Synagogues collaborate to help achieve food security and nutritional self-sufficiency

Synagogues collaborate to help achieve food security and nutritional self-sufficiency

Every year around Christmas, temples organize canned food trips to help those in need.

This year, Congregation member Emanu El Philip Tenenbaum is taking it to the next level with a special co-op program.

Food and Faith Collaborative will be a hands-on initiative, bringing together four Houston synagogues and many community partners to help enable food security and nutritional self-sufficiency.

Congregations Emanu El, Beth Israel, Beth Yeshurun, and the Houston Congregation for Reform Judaism will work with Second Servings of Houston, the Houston Coalition for the Homeless and UT Health to put together free monthly grocery stores at an apartment complex in Houston.

Volunteers from the temples will work with beneficiaries on nutritional plans, provide meal preparation training and help build healthy eating patterns to keep the underserved in Houston.

“We want to help in the long-term to achieve food security and enable self-sufficiency in our community,” Tenenbaum told JHV. “Collecting food once a year is great, but we want to take this beyond a day’s canned food trip on Yom Kippur.”

“This is a social work project that the gatherings will do together, and demonstrating this kind of partnership is a win-win for everyone, especially the beneficiaries who really need it.

“Giving a hungry person food is so meaningful. There can be nothing better during this time of year than looking someone in the eye knowing we made their day better.”

The plan is to formally launch the program in the second half of October or early November, and then start working monthly thereafter.

Chief Rabbi Emanu Oren Hayon has worked with Tenenbaum from the start and will join his fellow senior rabbis in promoting the Bima Initiative in these Holy Days.

“This is a great example of what a tzedakah looks like in the real world, and I feel honored to be a part of it,” Rabbi Hayon told JHV.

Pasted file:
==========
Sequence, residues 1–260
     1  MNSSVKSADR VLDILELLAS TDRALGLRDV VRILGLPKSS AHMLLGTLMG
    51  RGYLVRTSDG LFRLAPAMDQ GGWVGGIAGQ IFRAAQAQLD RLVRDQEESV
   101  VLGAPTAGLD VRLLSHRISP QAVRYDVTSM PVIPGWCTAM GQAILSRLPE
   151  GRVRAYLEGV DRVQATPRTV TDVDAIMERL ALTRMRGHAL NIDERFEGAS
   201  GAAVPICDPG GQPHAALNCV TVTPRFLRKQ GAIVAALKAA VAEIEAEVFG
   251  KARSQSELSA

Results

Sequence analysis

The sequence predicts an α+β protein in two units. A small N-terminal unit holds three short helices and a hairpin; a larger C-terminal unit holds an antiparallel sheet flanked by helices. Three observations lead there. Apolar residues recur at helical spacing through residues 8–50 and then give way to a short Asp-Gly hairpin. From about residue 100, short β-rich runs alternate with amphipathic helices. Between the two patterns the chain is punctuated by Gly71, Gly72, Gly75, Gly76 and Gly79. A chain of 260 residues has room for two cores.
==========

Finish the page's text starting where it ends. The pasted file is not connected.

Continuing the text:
“It was inspiring to watch Philip use his professional and volunteer experience to create this new pioneering project to tackle hunger in our community.

“It is so special that he conceived a project guided by Jewish philanthropic priorities: aimed at lifelong self-sufficiency, as well as temporary relief from hunger.”

Congregations Emanu El, Beth Israel, Beth Yeshurun, and the Houston Congregation for Reform Judaism will work with Second Servings of Houston, the Houston Coalition for the Homeless and UT Health to put together free monthly grocery stores at an apartment complex in Houston.

According to the Food & Faith Collaborative, more than 16% of Houstonians are food insecure and have limited or uncertain access to enough food, especially healthy options.

Demand at the Houston Food Bank is up 30% in the past year, adding to food access issues.

“More than 80% of an individual’s health is determined outside the health care system,” Tenenbaum said. “Public health is determined by things like food insecurity, the availability of health providers, and housing.”

This is where many organizational partners help.

Barbara Bronstein, who founded Second Servings of Houston in 2015, started creating pop-up grocery stores about six months ago.